'The Sharpe ratio is the measure of risk-adjusted return of a financial portfolio. Sharpe ratio is a measure of excess portfolio return over the risk-free rate relative to its standard deviation. Normally, the 90-day Treasury bill rate is taken as the proxy for risk-free rate. A portfolio with a higher Sharpe ratio is considered superior relative to its peers. The measure was named after William F Sharpe, a Nobel laureate and professor of finance, emeritus at Stanford University.'

Using this definition on our asset we see for example:- The Sharpe Ratio over 5 years of Aronson Family Taxable Portfolio is 0.07, which is smaller, thus worse compared to the benchmark SPY (0.36) in the same period.
- Looking at risk / return profile (Sharpe) in of -0.04 in the period of the last 3 years, we see it is relatively lower, thus worse in comparison to SPY (0.27).

'The Sortino ratio, a variation of the Sharpe ratio only factors in the downside, or negative volatility, rather than the total volatility used in calculating the Sharpe ratio. The theory behind the Sortino variation is that upside volatility is a plus for the investment, and it, therefore, should not be included in the risk calculation. Therefore, the Sortino ratio takes upside volatility out of the equation and uses only the downside standard deviation in its calculation instead of the total standard deviation that is used in calculating the Sharpe ratio.'

Applying this definition to our asset in some examples:- The downside risk / excess return profile over 5 years of Aronson Family Taxable Portfolio is 0.09, which is smaller, thus worse compared to the benchmark SPY (0.49) in the same period.
- Looking at downside risk / excess return profile in of -0.05 in the period of the last 3 years, we see it is relatively lower, thus worse in comparison to SPY (0.37).

'The Ulcer Index is a technical indicator that measures downside risk, in terms of both the depth and duration of price declines. The index increases in value as the price moves farther away from a recent high and falls as the price rises to new highs. The indicator is usually calculated over a 14-day period, with the Ulcer Index showing the percentage drawdown a trader can expect from the high over that period. The greater the value of the Ulcer Index, the longer it takes for a stock to get back to the former high.'

Applying this definition to our asset in some examples:- Compared with the benchmark SPY (7.52 ) in the period of the last 5 years, the Ulcer Ratio of 6.97 of Aronson Family Taxable Portfolio is smaller, thus better.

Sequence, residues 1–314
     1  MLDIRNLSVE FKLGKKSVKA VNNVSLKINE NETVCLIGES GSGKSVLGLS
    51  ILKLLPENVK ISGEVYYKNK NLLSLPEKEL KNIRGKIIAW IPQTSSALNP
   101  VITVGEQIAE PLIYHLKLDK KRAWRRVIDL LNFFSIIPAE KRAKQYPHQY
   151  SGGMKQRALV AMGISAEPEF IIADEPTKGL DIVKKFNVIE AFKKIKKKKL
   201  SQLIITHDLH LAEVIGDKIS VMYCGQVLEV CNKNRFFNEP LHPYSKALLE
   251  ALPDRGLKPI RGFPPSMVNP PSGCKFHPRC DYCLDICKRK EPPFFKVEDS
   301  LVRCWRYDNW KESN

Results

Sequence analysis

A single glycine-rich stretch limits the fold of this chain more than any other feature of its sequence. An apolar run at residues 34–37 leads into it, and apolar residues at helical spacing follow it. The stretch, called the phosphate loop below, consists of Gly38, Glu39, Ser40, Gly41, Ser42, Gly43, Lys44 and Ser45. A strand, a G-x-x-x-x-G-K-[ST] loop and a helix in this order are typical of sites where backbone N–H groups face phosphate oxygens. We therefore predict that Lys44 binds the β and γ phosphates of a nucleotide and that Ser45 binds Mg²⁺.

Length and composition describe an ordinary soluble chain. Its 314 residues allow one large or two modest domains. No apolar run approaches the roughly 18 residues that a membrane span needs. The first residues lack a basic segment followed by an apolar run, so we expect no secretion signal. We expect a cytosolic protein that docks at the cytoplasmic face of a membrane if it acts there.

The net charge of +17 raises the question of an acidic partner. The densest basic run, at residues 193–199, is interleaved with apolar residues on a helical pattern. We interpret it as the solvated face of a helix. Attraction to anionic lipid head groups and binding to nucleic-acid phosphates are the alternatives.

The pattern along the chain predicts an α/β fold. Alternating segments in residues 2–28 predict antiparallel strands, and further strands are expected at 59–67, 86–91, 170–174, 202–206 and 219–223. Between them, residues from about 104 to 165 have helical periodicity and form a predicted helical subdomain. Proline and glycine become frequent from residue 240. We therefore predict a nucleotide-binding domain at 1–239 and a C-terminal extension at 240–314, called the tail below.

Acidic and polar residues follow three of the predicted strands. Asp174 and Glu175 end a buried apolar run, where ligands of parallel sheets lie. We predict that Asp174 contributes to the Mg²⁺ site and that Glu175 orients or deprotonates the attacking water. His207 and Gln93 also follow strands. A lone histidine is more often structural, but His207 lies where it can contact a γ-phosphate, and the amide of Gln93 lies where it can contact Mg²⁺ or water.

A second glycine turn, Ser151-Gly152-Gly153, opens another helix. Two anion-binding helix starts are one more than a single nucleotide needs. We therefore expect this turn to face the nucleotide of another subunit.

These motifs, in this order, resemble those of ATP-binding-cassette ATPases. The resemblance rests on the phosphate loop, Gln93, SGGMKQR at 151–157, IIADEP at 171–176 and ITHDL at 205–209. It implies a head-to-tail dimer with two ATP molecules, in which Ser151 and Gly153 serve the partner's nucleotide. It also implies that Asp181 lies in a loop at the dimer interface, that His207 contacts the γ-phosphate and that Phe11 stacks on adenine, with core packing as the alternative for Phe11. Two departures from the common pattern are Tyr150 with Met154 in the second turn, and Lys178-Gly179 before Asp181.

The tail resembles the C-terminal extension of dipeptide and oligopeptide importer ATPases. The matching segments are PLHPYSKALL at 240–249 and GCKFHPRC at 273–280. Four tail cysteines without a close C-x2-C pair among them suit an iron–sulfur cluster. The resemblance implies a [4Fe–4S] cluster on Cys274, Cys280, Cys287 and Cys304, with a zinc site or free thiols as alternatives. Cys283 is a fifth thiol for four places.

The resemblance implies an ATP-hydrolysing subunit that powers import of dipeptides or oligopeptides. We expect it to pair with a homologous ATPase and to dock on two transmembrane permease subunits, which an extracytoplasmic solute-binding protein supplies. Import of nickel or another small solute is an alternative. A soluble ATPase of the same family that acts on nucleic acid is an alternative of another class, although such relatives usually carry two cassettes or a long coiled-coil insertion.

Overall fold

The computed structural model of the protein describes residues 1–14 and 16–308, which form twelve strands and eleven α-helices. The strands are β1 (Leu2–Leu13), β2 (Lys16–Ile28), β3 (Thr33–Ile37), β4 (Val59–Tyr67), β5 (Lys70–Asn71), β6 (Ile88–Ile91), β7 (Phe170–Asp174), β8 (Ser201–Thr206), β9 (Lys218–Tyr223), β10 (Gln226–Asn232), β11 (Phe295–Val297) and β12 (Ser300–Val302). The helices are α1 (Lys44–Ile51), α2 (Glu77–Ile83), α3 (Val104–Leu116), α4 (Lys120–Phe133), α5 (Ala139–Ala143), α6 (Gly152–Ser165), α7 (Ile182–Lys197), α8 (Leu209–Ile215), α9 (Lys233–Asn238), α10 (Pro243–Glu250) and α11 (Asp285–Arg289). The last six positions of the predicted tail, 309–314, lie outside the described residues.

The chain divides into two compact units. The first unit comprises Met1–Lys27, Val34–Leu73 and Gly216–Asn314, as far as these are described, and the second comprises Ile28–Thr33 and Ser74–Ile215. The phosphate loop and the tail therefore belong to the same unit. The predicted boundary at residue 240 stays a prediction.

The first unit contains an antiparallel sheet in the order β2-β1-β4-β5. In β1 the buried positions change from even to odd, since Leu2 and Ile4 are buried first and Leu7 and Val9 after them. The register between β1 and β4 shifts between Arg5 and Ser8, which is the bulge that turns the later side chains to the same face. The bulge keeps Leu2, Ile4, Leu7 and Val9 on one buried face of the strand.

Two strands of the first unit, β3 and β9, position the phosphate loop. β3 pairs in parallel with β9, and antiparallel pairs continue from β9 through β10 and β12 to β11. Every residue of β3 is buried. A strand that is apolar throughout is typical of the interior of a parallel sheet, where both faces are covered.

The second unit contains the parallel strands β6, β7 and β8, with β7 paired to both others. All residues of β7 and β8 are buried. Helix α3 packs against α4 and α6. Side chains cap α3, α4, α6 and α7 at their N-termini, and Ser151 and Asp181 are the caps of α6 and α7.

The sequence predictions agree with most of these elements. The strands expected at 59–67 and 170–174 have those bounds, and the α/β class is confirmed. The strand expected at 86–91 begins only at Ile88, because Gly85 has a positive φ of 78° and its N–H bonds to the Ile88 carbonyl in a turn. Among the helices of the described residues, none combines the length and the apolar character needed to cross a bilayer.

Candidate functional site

- During the last 3 years, the Downside risk index is 8.21 , which is smaller, thus better than the value of 8.81 from the benchmark.

'A maximum drawdown is the maximum loss from a peak to a trough of a portfolio, before a new peak is attained. Maximum Drawdown is an indicator of downside risk over a specified time period. It can be used both as a stand-alone measure or as an input into other metrics such as 'Return over Maximum Drawdown' and the Calmar Ratio. Maximum Drawdown is expressed in percentage terms.'

Using this definition on our asset we see for example:- Compared with the benchmark SPY (-33.7 days) in the period of the last 5 years, the maximum drop from peak to valley of -24.3 days of Aronson Family Taxable Portfolio is greater, thus better.
- Looking at maximum drop from peak to valley in of -24.3 days in the period of the last 3 years, we see it is relatively larger, thus better in comparison to SPY (-33.7 days).

'The Drawdown Duration is the length of any peak to peak period, or the time between new equity highs. The Max Drawdown Duration is the worst (the maximum/longest) amount of time an investment has seen between peaks (equity highs) in days.'

Which means for our asset as example:- Looking at the maximum days under water of 350 days in the last 5 years of Aronson Family Taxable Portfolio, we see it is relatively higher, thus worse in comparison to the benchmark SPY (182 days)
- During the last 3 years, the maximum days below previous high is 220 days, which is greater, thus worse than the value of 182 days from the benchmark.

'The Drawdown Duration is the length of any peak to peak period, or the time between new equity highs. The Avg Drawdown Duration is the average amount of time an investment has seen between peaks (equity highs), or in other terms the average of time under water of all drawdowns. So in contrast to the Maximum duration it does not measure only one drawdown event but calculates the average of all.'

Which means for our asset as example:- Looking at the average days below previous high of 88 days in the last 5 years of Aronson Family Taxable Portfolio, we see it is relatively larger, thus worse in comparison to the benchmark SPY (45 days)
- During the last 3 years, the average time in days below previous high water mark is 53 days, which is larger, thus worse than the value of 43 days from the benchmark.

Historical returns have been extended using synthetic data.
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- Note that yearly returns do not equal the sum of monthly returns due to compounding.
- Performance results of Aronson Family Taxable Portfolio are hypothetical, do not account for slippage, fees or taxes, and are based on backtesting, which has many inherent limitations, some of which are described in our Terms of Use.